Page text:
Groundwork works alongside organisations wishing to improve their understanding and application of Te Tiriti o Waitangi. We are invested in creating systemic change and addressing systemic injustice. We work with organisations that are ready to take on the challenge of organisational transformation based on Te Tiriti o Waitangi.

To create positive change based on Te Tiriti o Waitangi, we need to understand our histories, and what effect these have on the world around us. What’s more, we need to act!

Addressing injustice requires will and effort. It takes sweat and tears (sometimes literally)! Our name Groundwork: Facilitating Change reflects our passion for supporting people who wish to dig beneath the surface to better understand historical and modern-day relationships in Aotearoa. Groundwork exists to support people who want to put in the effort to nourish a just and flourishing society.

Te Tiriti is very much about relationships. You can find out more about the way we work in relationship with tangata whenua in our common questions section here.


Our people

Jen Margaret

Groundwork is run by Jen Margaret, a dedicated advocate and educator for Te Tiriti o Waitangi.

Jen is Pākehā, of Cornish, Scottish, Danish and German ancestry. Her ancestors arrived in Te Wai Pounamu in the 1860s. Raised on the Canterbury Plains, in the rohe of Ngāi Te Ruahikihiki, Jen was a late learner about Te Tiriti, first engaging with it at university in the 1990s. Since then, she’s been active in Te Tiriti education and has been guided in this work by many inspiring Māori and Pākehā people.

Jen is a knowledgeable and skilled facilitator. A recipient of Winston Churchill and Loxley Fellowships, Jen has researched the work of non-indigenous allies in North America, Australia and Aotearoa. Jen is driven by the question posed by her mentor Mitzi Nairn, “How might we be the honourable people that the rangatira thought they were entering into relationship with in 1840?”

Jen lives in Te Whanganui-a-Tara. She collaborates with colleagues around the country to provide workshops and services that support personal, organisational and societal change.


Victoria Owen

Victoria is one of Groundwork’s deeply experienced Te Tiriti facilitators. Victoria began working as a facilitator with Groundwork in 2019. Of Pākehā, English, Scottish and Irish descent, she was born and raised in Aotearoa and currently lives in Kaitoke, Upper Hutt.

Victoria has been involved in Te Tiriti education for more than 20 years, working alongside central and local government, and with community organisations. Victoria is skilled in group facilitation and adult education. She enjoys working with organisations to design strategies and put them into practice, including through training and resource development for people on the ground.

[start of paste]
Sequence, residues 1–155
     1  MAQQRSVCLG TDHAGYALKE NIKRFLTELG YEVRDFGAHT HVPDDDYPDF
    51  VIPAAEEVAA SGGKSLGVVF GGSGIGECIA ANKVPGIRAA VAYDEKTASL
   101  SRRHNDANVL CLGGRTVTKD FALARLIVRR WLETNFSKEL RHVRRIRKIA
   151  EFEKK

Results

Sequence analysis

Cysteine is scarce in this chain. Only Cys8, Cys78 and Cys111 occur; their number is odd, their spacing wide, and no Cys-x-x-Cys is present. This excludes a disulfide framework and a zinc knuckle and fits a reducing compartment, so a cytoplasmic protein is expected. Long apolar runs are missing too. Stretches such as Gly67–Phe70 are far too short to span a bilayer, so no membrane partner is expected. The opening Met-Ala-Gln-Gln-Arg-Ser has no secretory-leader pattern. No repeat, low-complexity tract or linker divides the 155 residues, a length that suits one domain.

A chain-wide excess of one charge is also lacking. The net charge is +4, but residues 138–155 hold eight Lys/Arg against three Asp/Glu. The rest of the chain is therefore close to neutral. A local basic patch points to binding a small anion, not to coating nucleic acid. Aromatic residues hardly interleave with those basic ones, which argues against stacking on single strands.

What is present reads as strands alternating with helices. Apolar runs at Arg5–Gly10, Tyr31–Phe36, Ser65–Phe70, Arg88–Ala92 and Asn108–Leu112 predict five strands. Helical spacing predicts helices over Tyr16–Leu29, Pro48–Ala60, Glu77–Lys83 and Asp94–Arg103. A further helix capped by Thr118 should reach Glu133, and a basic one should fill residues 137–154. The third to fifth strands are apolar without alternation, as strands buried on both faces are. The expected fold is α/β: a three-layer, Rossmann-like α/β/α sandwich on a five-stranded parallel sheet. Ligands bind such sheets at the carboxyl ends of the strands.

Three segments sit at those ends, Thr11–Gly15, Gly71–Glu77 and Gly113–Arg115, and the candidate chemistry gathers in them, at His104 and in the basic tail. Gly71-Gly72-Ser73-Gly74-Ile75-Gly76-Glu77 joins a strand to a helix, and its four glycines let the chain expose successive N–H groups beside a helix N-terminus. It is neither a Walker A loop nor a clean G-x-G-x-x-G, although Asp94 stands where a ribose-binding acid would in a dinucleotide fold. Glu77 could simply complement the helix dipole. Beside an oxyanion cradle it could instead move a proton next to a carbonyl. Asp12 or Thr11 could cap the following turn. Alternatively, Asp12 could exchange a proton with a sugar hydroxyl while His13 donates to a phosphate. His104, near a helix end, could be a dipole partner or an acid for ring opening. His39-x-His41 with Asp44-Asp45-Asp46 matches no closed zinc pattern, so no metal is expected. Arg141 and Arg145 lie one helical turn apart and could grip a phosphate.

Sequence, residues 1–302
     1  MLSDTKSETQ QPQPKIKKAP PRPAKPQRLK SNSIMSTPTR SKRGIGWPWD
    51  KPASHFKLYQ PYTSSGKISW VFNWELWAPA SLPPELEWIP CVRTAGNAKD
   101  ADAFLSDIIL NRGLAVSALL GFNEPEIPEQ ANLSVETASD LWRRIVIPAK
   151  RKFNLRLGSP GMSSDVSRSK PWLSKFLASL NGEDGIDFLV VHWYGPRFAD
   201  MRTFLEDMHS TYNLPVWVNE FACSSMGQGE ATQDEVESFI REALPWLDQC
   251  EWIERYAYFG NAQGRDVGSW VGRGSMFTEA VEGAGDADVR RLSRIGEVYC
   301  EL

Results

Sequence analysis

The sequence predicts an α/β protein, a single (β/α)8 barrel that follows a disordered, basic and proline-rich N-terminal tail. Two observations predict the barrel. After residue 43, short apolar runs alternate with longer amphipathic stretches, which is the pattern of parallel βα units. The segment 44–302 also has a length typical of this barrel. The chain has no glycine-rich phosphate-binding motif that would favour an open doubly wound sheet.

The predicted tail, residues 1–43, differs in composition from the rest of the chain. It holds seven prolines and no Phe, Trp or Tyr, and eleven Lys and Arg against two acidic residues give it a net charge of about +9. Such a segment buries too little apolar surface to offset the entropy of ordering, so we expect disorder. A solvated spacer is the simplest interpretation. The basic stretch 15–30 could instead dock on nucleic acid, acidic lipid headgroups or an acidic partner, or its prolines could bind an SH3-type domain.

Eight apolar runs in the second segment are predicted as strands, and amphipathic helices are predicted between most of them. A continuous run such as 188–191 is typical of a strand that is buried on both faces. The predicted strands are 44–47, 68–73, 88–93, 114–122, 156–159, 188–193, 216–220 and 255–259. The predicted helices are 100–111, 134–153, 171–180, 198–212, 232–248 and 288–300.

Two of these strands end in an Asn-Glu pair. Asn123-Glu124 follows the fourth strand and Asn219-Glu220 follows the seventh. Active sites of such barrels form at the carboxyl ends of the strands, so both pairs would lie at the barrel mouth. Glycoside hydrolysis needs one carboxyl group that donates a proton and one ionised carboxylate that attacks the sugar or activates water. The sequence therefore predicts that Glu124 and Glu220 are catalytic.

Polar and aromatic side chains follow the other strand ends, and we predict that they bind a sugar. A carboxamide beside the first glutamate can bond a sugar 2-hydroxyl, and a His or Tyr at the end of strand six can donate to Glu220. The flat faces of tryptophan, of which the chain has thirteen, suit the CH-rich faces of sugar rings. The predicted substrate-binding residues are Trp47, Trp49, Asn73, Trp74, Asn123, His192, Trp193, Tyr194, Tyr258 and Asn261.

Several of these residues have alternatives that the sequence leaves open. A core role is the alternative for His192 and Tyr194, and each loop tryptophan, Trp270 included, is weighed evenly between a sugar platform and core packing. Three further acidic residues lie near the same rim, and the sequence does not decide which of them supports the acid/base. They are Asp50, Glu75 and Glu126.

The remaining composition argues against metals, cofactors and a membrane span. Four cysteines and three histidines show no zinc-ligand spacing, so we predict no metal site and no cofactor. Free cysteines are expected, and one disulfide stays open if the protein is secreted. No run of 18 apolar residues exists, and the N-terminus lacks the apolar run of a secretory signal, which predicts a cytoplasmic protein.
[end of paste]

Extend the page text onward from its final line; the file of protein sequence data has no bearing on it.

Hannah Kyle-Parker

Hannah is of English and Irish descent. She was born in Ōtautahi and raised in the small town of Whakamarama in the Kaimai Ranges, and now lives in Upper Hutt.

Hannah has skills in accounts, IT and Human Resources and has worked in government, NGOs and the private sector. Hannah has also been an active member of a number of community conservation groups over the last 15 years.

Hannah brought her skills to Groundwork in 2020. She set up and runs our online learning system and supports our work through her organisational and systems management skills.


Stanley Sarkies

Stan is of English and Armenian descent. The Sarkies family travelled from Armenia to India at the turn of the 20th century, before arriving in Aotearoa in 1949. Stan grew up on the south coast of Te Whanganui-a-Tara, which is where he now lives.

Stan started working at Groundwork in 2022, providing systems and facilitation support. Before he joined Groundwork he worked as a geotechnical engineer. Stan is committed to helping the engineering profession better engage with the relationships and responsibilities set out by Te Tiriti o Waitangi. He is driven by the question Tina Ngata encourages all Tangata Tiriti to ask themselves – ‘What does justice demand of us?’



Alex Hotere-Barnes

Alex is a Groundwork associate, providing strategic support and occasional facilitation. Alex is fifth generation Pākehā and a graduate of the Kaupapa Māori educational movement. He works closely with teachers, school leaders and communities to help re-imagine Te Tiriti-based relationships that are culturally and socially just. 

As an educator, facilitator and researcher, with affiliations to Mātaatua, Tainui and Te Tai Tokerau, he is interested in what supports, and inhibits, mutually advantageous relationships between tangata whenua and tangata Tiriti. He’s been a Groundwork associate since 2018 and a member of Te Tiriti education networks since 2001.